Can UI Builders help you?
Or, do you really need to code your UI?
by Jerome Cambon, full-stack developer at Bonitasoft
Disclaimer: this article is not a comparative study on UI Builders. I’ll try to answer the question: do you really need to code your UI?
What is a UI Builder?
A UI Builder provides a way to create a Graphical User Interface (GUI, or UI for simplicity) by drag and dropping graphical components (Buttons, Text Fields, Date Pickers, …) to a white screen. Then, the components are resized, re-arranged and configured to get the required look.
Should developers use UI builders ? Or should they code the interface themselves?
They are pros and cons to both approach:
- Very useful for Proof Of Concepts (POC), to share swiftly the interface look to the stakeholders
- When the UI is built, it is much easier to adapt and modify the pages
- The interface can be modified quickly, sometimes during a discussion or meeting
- The roles can be separated between the interface designer and the developer. Ideally the designer is a person with an excellent knowledge of the business
- You do not have to decide what is the right underlying technology and handle its updates (i.e. for a web UI: Angular, React, Vue, Web Components ?)
- You have to use a set of graphical built-in components from a palette. Adding your own components, or modifying a built-in component, is sometimes not possible, or not easy
- You cannot build a pixel-perfect interface, you have to use the choices done by the UI Builder. For instance, the gap between components may be imposed
How to choose?
As you can see, the choice will depend on your needs. If you have an obvious and precise idea on your interface, with specific graphical requirements, with specific graphical components, then perhaps you should code the interface. But if you don’t have a very precise idea on how your interface will look like, the best choice is perhaps to start designing it with a UI Builder, and make it evolve regularly. I think the latest is by far the most common, especially in an agile process where stakeholders are invested in the UI definition.
An important subject to take into consideration, especially in the web area: the choice of the right technology for your needs can take a lot of time, and these technologies are evolving very quickly. Choosing to adopt a UI Builder avoid to handle all this.
Another important point is that many UI Builders are dedicated to a specific platform. For instance, XCode Interface Builder is for the Apple platform, Bonitasoft UI Designer is for the Bonita BPM/DPA platform (see below).
Finally, once the UI is done and all the stakeholders are happy with the look & feel, a connection to the business data is needed. This allows to make the link between the UI and the data.
For instance, an e-commerce site shows a page listing all the available products. A Data Table graphical component is connected to a Rest service that fetch the list of products with the related information.
The available APIs to the business data is to be taken into consideration to choose an UI Builder. Some UI builders may not support your API types.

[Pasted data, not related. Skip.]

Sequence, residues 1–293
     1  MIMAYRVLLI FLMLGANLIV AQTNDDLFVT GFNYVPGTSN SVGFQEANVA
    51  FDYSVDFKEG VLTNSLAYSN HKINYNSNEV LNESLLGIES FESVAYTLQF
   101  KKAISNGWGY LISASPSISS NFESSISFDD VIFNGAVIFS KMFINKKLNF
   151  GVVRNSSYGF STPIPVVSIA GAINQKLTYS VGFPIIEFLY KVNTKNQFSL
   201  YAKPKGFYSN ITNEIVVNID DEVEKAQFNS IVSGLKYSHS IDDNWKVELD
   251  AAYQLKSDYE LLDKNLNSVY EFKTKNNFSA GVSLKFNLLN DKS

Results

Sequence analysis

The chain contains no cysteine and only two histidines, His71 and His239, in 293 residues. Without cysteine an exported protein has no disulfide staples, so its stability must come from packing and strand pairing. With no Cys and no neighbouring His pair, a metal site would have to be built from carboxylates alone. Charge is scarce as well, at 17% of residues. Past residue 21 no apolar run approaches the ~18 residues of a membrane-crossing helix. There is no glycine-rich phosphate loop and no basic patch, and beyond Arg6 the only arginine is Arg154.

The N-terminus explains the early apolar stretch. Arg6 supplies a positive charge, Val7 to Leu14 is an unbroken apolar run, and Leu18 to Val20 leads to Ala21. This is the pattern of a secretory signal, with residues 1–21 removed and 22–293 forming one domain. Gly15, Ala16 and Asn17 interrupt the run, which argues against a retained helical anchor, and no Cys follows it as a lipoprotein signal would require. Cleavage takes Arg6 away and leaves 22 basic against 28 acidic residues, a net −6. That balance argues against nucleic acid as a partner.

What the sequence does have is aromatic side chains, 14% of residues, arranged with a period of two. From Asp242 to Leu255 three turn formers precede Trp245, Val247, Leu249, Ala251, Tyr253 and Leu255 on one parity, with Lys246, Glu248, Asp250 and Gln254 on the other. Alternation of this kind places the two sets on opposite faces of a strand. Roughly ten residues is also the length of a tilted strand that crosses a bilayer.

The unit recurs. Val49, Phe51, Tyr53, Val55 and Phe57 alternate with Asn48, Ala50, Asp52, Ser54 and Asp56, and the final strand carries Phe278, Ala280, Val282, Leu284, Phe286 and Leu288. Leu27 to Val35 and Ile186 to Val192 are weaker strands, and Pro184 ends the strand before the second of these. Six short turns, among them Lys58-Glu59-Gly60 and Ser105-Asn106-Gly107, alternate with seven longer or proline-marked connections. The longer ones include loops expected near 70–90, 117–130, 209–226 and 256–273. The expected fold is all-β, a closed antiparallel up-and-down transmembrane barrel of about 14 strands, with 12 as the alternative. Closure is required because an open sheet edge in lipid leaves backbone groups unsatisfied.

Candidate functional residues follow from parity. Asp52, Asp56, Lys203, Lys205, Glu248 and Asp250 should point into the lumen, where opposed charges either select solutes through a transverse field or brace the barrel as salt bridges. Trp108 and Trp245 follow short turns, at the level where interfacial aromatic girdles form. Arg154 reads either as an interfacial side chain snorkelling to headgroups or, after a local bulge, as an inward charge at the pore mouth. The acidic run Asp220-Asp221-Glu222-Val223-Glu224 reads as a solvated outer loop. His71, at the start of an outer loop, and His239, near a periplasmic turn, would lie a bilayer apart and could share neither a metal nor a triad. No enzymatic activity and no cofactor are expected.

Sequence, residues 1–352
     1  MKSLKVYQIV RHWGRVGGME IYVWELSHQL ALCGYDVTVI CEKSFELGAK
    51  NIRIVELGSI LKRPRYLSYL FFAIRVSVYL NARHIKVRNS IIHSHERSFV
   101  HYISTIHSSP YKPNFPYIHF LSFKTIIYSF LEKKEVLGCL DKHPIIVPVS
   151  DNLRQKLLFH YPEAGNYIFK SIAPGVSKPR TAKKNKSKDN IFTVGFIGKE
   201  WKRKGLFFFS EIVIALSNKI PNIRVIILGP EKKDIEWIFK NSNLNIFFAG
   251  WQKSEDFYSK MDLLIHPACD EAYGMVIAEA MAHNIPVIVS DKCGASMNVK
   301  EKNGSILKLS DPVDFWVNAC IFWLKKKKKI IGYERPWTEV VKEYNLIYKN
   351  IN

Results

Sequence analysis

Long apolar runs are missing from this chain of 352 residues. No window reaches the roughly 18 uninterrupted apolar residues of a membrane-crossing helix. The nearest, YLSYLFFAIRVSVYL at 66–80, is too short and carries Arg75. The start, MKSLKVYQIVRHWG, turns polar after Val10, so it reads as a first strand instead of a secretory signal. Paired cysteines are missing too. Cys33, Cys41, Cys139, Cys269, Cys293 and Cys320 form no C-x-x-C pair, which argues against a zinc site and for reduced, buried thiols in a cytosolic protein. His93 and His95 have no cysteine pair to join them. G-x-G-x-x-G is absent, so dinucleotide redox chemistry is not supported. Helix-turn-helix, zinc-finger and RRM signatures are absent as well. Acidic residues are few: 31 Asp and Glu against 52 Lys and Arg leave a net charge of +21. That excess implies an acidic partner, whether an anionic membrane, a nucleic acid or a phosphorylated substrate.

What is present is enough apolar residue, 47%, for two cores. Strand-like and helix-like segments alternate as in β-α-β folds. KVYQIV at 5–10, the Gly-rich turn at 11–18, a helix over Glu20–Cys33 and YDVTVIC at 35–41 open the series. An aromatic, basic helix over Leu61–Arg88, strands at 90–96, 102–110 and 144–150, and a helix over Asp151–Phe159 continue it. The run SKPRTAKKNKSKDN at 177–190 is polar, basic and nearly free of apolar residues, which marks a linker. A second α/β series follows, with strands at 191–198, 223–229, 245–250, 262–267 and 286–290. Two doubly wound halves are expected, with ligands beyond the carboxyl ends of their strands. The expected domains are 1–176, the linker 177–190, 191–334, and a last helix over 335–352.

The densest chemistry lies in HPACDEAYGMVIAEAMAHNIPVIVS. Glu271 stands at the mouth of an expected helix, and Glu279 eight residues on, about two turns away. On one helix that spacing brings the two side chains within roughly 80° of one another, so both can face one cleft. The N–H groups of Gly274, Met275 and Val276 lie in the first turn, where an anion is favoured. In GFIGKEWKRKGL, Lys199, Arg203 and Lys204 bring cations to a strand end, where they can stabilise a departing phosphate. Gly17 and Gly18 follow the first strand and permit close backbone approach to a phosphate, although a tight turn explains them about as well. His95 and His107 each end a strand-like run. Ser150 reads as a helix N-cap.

In my opinion, the best way to understand how the UI builders works is to take few examples. I propose to show them in action with short videos, this is the best way to explain graphical tools such as UI Builders. This is obviously a very short introduction to the tools, the goal is not to demonstrate all their possibilities, or compare them.
I have chosen 2 of them, mainly because I have already used them:
- Bonitasoft UI Designer
- JavaFX Scene Builder
Bonita UI Designer
Bonita is a Digital Process Automation (DPA) platform that allows you to create applications based on business processes. For instance, a claims management application.
The UI designer is a graphical development environment for creating pages and forms for a Bonita Digital Process Automation (DPA) application. It is a web-based tool, which allows to create and update pages for business applications, forms to start process instances or execute human tasks, and application layouts that apply to all pages of an application.
Create a page
This could be typically done by a designer, which defines the UI.
Link a page to business data and preview
Once the UI is correct, the connection with the business data (to register the claim) is done via a Rest service (which typically stores the claim in a database).
This is a very simple connection for simplicity: usually, the connection is done to the Bonita Rest services to handle business processes.
JavaFX Scene Builder
JavaFX Scene Builder is a visual layout tool that lets users quickly design JavaFX application user interfaces, without coding. The result is an FXML file that can then be combined with a Java project by binding the UI to the application’s logic. The tool is also integrated with IDEs, that can be used to write the application logic (controller).
Create a page
The UI is defined, then previewed to check the UI behaves correctly on window resize. As above, this could be typically done be a designer.
Link to Java code
Once the UI is done and behaves as expected on window resize, it’s time to bind it to the Java application. For this, each UI control is identified by an id (fx:id), and the events or actions are bound to a method name. Once this is done, the generated controller skeleton can be used as a starting point to implement the Java controller, using the JavaFX APIs.
I hope you are now convinced that using an UI Builder could have a lot of benefits to build and modify a user interface easily. It allows to separate even clearly the interface (view) and the application logic (controller) which can be done by different people, with different skills and using different tools . Then, it provides a way to prototype and demo quickly the interface to the stakeholders very early in the development process. Finally, modifying the look & feel is done in a few minutes.